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Coefficient of Friction (COF)


Coefficient of Friction – “COF”


Working in virtually every facet of our lives, friction is the unseen force that allows, or hinders the movement of two surfaces that are in contact with one another.  A packaging film’s “coefficient of friction” (COF) provides a relative indication of frictional characteristics.  Controlling COF gives processors the ability to optimize performance and avoid problems in forming, transporting, and storing of packages.
  • In HFFS (horizontal form fill and seal) systems, too much friction of the sealant side of the film can lead to film dragging or jamming as it passes over metal plates.
  • In VFFS (vertical form fill and seal) systems, too much friction of the sealant side of the film can cause poor film feeding over metal forming collars, inconsistent package sizes, and squealing.
  • In either system, too much friction can result in lateral slipping that leads to poor seals (leakers).
  • Too little friction on the outside can cause packages to slip or fall-off-of inclined conveyor belts.
  • Too much friction on the outside can slow packages’ progress down delivery chutes.
  • Too little friction on the outside can result in packages sliding off of stacks or pallets.

COF is determined by dividing the force needed to move one surface across another by the force perpendicular to the surfaces.  COF values range from 0.00-1.00, with lower COF values indicating lesser resistance to sliding, or higher “slip.” 

  • COF < 0.25 is considered LOW COF, HIGH-SLIP
  • COF > 0.45 indicates HIGH COF, LOW/NON-SLIP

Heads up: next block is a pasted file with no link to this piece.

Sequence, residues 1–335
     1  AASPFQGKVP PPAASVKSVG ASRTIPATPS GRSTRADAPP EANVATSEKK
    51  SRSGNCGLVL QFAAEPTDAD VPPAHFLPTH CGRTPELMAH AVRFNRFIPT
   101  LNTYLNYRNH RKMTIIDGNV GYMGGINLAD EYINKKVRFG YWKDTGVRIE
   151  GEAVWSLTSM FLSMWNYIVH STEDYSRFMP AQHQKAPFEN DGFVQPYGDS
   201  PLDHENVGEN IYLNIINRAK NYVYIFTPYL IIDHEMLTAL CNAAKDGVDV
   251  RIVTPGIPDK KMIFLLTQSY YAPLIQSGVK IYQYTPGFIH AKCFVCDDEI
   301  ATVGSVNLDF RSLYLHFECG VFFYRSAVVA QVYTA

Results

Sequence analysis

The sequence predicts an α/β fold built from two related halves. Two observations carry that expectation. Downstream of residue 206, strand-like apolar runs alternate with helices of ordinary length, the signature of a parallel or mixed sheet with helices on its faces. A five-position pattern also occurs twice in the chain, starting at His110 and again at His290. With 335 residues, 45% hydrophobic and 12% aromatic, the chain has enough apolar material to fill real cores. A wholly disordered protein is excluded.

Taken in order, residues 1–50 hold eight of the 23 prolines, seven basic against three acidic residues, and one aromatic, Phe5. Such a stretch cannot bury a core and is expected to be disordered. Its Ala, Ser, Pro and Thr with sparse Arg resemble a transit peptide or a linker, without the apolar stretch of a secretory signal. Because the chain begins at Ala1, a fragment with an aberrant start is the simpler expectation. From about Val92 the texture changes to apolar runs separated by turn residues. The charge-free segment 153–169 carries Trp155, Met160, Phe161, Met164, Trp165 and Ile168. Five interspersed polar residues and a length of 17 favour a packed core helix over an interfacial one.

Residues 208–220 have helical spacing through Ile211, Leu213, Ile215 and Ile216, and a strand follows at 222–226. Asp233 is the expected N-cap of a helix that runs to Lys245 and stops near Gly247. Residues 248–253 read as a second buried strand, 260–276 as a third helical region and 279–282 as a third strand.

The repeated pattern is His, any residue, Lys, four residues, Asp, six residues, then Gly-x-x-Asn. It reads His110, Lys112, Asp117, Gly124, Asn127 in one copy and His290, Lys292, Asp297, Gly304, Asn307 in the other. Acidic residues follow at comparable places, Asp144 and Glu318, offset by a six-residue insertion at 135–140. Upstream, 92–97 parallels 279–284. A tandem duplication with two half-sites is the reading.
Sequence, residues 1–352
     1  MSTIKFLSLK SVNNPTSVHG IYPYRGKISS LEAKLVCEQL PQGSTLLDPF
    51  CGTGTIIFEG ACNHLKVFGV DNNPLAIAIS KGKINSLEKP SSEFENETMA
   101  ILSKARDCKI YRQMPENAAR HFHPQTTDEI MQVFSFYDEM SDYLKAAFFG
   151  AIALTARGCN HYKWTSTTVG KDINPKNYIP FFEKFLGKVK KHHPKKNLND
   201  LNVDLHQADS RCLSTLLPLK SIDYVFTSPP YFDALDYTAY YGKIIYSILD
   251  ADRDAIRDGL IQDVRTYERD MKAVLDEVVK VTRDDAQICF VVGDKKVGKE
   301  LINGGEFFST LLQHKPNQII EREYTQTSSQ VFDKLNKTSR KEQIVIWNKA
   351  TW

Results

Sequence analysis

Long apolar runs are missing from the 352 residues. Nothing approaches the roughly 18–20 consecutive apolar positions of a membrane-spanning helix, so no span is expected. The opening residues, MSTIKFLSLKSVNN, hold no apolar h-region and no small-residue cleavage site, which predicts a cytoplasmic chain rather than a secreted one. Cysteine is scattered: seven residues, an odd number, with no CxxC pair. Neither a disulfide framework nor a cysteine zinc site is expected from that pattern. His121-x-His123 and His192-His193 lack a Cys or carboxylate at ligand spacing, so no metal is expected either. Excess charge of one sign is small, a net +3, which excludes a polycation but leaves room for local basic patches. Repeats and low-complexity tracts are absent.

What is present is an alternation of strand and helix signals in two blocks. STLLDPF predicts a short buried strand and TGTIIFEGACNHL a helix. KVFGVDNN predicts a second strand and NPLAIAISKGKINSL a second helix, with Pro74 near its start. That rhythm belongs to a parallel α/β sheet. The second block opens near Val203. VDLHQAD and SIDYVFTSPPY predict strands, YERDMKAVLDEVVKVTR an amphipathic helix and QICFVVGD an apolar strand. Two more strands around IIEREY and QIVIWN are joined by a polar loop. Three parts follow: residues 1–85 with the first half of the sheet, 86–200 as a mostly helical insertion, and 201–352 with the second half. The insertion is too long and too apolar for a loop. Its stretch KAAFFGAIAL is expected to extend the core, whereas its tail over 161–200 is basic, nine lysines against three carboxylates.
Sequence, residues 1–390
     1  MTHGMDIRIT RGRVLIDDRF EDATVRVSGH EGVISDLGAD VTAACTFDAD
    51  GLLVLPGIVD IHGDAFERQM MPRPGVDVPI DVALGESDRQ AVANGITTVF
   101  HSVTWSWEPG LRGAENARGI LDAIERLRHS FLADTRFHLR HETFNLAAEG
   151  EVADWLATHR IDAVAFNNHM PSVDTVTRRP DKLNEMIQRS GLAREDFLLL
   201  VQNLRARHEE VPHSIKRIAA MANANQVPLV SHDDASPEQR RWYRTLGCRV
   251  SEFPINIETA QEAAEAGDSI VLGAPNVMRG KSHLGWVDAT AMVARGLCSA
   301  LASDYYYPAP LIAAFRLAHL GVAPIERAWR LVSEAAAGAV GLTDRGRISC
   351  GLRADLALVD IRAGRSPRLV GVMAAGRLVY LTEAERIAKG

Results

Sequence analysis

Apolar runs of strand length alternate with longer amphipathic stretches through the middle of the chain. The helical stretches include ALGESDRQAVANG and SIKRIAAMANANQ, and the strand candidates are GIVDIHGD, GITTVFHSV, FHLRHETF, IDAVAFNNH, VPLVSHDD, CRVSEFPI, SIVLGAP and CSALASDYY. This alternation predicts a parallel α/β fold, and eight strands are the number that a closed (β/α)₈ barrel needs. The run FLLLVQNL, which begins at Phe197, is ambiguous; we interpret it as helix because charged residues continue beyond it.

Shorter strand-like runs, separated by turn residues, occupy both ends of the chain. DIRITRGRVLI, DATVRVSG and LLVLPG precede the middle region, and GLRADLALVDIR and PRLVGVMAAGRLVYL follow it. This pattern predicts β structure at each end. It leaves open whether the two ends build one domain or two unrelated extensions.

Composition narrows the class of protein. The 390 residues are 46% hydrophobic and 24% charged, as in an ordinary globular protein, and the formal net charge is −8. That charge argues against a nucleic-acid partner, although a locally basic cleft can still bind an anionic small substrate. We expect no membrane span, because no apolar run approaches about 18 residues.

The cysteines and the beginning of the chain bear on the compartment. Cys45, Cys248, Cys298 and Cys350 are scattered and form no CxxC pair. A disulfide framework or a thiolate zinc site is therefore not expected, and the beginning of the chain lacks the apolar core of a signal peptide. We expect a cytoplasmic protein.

COF is reported in two values: static (µs) - the force needed to begin movement, and kinetic (µk) – the force required to maintain movement.  Generally, Kinetic COF is used for roll films.  Static COF is of greater concern for stacked or palletized items.

Customized COF’s are achieved by adding a “slip agent” to a film resin during production.  The traditional approach to reducing COF involves adding a compound that is incompatible with the film resin, and will migrate to the surface of the film over time.  Non-migratory slip agents offer benefits in the area of thermal stability and consistency, but can affect film clarity. 

COF can be affected by a number of factors including antiblock additives, corona treatment, antistats, inks, varnishes, adhesives.  Because laboratory testing cannot simulate every element of any packaging process, COF should not be considered an indication of system-specific performance.  It is, instead, a means of reproducing frictional properties shown to be successful under a given set of conditions. 

The first step to creating and optimizing the perfect packaging film for your product and process is talking with an expert.  To learn more about optimizing coefficient of friction for your product and process, to be sure you’re using the best packaging film for your application, contact Flair today.